In this first installment of our newest series entitled “It’s Too Complicated, Big or Expensive So I’m Just Going to Stare at It Without Opening or Touching it Because I’m Afraid,” we shrug off the fear and get to know Magic Bullet Suite 12 – with the help of Nate Sparks, Magic Bullet product manager.
Please tell me I’m not the only one: we read reviews of some piece of awesomeness (gear or software); get a jones for it; maybe even go out and get it or download a trial copy; and then put it in a physical or mental corner where it can’t overwhelm us and then pretend it never happened.
Color grading, anyone?
Magic Bullet not only has a great name, but a great reputation. So when the opportunity presented itself to get a trial copy of this color grading beast — all five component packages in one — I downloaded it instantly.
And then let it sit on my hard drive for months unused.
Enter Nate Sparks, product manager for Magic Bullet since version 2.5, and the miracle of a Skype call with screen sharing.
Nate walked me through the basic components of Magic Bullet Suite and – even more basic – responded with infinite patience when I asked him to help me finally, fully understand color wheels (I had the kind of familiarity with color wheels that most people have, you know, with scopes).
Magic Bullet Suite 12
SO: here are the reasons why you should not wait to check out Magic Bullet, offered from the perspective of a one-man band who is highly resistant to color grading because it takes time, skill and work.
Magic Bullet Suite has five tools (each also available individually), and they actually make sense
You can argue that the core of the suite is built around Magic Bullet Looks (I would) but in any event the thing that’s nice about separating them out is that it actually reduces complexity.
1. Magic Bullet Looks
Imagine that instead of having to play with all kinds of controls, you can simply mouse over and see in real time on your clip a pile of pre-assembled visual styles of varying complexity, up to and including masks and gradients. Once you find one you like, BAM – you can turn it on and off at will.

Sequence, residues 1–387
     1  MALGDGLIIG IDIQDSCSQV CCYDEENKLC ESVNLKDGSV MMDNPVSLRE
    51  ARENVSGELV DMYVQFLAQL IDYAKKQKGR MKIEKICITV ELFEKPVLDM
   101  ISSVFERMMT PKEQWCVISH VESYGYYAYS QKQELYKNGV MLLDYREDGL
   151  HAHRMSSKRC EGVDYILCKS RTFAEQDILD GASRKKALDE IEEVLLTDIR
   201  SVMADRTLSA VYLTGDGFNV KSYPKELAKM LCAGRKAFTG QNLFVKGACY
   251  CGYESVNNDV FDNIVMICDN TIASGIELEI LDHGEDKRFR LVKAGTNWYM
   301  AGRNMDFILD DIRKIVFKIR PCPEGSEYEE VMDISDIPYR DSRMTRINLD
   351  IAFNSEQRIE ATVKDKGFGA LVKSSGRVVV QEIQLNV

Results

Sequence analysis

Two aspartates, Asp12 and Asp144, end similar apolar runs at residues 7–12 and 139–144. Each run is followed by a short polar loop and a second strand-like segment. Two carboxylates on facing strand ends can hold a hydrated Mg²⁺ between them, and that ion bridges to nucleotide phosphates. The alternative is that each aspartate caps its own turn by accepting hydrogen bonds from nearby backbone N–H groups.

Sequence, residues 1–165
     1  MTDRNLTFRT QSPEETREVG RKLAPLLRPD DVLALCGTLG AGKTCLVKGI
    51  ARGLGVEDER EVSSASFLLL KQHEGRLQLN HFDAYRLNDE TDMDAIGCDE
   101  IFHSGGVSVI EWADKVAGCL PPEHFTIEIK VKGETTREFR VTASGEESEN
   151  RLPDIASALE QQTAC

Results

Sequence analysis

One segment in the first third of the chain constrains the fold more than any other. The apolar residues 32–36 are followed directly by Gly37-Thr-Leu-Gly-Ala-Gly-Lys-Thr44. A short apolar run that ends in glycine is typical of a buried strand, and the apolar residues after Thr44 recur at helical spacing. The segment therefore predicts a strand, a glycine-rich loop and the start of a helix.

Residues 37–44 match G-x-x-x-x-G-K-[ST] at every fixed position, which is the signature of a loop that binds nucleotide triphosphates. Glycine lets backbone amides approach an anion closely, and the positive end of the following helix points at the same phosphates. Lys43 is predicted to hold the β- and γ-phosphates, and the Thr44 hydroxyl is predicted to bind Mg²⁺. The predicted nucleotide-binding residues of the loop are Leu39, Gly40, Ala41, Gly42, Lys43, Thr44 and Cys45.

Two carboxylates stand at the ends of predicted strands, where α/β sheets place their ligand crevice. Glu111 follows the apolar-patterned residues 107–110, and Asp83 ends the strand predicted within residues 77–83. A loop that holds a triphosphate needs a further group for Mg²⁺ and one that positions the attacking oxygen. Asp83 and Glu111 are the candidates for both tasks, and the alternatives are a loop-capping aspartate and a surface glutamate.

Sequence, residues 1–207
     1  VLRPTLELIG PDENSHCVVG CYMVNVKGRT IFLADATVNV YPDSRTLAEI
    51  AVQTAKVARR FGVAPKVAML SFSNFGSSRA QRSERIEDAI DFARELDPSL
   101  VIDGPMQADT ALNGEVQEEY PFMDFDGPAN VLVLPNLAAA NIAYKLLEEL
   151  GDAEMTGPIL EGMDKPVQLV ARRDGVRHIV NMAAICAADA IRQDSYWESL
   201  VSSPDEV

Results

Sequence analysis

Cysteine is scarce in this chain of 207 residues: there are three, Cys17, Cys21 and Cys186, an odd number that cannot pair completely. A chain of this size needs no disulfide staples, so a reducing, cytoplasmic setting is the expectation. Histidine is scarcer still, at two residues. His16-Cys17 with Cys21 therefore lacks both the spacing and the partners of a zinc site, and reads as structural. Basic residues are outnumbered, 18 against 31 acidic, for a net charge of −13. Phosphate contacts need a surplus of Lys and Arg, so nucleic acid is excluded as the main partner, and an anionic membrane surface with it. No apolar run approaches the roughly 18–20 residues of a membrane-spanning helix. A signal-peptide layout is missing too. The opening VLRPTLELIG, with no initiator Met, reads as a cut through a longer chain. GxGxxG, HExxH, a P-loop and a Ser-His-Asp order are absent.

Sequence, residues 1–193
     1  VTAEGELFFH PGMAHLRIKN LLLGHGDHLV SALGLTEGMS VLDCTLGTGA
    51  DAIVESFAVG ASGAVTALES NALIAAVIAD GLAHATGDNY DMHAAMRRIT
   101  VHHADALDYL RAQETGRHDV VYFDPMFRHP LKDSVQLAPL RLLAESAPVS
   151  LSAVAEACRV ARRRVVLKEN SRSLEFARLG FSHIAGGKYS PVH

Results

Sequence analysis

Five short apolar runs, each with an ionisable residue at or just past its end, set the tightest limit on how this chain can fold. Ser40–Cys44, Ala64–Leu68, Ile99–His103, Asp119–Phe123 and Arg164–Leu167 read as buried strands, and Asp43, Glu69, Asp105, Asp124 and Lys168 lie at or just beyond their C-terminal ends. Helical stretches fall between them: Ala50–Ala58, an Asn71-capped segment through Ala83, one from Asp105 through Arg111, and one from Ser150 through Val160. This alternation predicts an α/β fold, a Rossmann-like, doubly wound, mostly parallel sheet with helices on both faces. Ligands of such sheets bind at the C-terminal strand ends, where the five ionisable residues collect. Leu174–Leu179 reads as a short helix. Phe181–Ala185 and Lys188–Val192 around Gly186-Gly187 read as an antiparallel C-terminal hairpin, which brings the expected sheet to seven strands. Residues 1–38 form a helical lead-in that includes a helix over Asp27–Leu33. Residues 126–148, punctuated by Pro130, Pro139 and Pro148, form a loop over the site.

Yes, I understand and agree in theory that we should all strive to achieve our own unique style, but then we wouldn’t go looking for a ’61 Angeniuex, would we? And the fact is, the current “blockbuster look” for example — more about that in a minute — really does drive colors toward orange and green, and if that’s what you want, it’s pretty darned interesting and time-saving to start with an approximation. But I’m also under no illusion that a good colorist can’t do infinitely better.
The interesting thing is, when you do try on a look, the editing window shows what tools that look is using – and now you can go off and really make it your own. There are more than 100 choices in Looks and somewhere between half a dozen and a dozen basic tools, but remain calm – I’ve never seen an easier way to navigate through so many, and you’ll grow in the process.
I think of this as learning by osmosis.
If you conceptualize Mojo as a subset of Looks emphasizing the visual punch of blockbusters, you’re pretty well set. So if you want to keep it simple for this kind of thing, this is the better place to start.
Cosmo – like the fashion magazine, not astronomy – is a tool designed to improve the look of your acting talents’ skin, from color to things like softening and blemish reduction. It’s another nice quick way to improve the polish and finish of your footage. If only any of those creams advertised in infomercials were a tenth as good…
4. Magic Bullet Film
Like Mojo, you can conceptualize Film as a subset of Looks – but this time, it’s about specific film stock emulators, both for negative and print! This is pretty sophisticated stuff (you have to know that you want to emulate — Kodak 2383 Print Stock for example), but like Looks there are a pile of controls which allow you to make it yours, from tint to skin tone, grain and more. I personally tend to stay away from film emulators, because I'm just not that sophisticated, and ALL my work shows up on the web — where grain emulation can slow things down and muddy them up.
5. Colorista III
Finally – though not in order of operations nor importance – Colorista III is full blown color correction tool sitting inside your existing NLE (all of these components operate inside your “host” NLE – mine is Final Cut Pro X) with 3-way color wheels, HSL, curves and more. It is not as powerful as DaVinci Resolve for things like masking and tracking, nor does it have the kinds of workflow tools that make Resolve stand out from all of the other NLE’s out there (RED GIANT considers Resolve to be an NLE and makes a version of Magic Bullet for it), but it is a clear step up from the current interface of FCP X. To be clear, Colorista relies on the capabilities of the host NLE, so there are certain things that are easier to do in the Adobe Premiere Pro version of Colorista than the FCP X version of Colorista, for example (and I assume vice-versa), but the larger point is that every component of the suite plays nicely inside your NLE of choice.
In the end, Magic Bullet 12 Suite is a complex set of software tools: it is so powerful and function-laden that even Nate isn’t a master of all of it, though he’s quick to point out that Stu Maschwitz, Magic Bullet‘s creative director, is.
But that’s OK: Magic Bullet 12 gives you multiple pathways to a quick start, and then you can go as deep as you’d like with the help of their tutorials and your own ambition.
As for me? I’ll be using it on the book promo project I’m working on right now.
I think it’s going to be great.
Learn more about Magic Bullet Suite 12.
(cover photo credit: snap from Red Giant)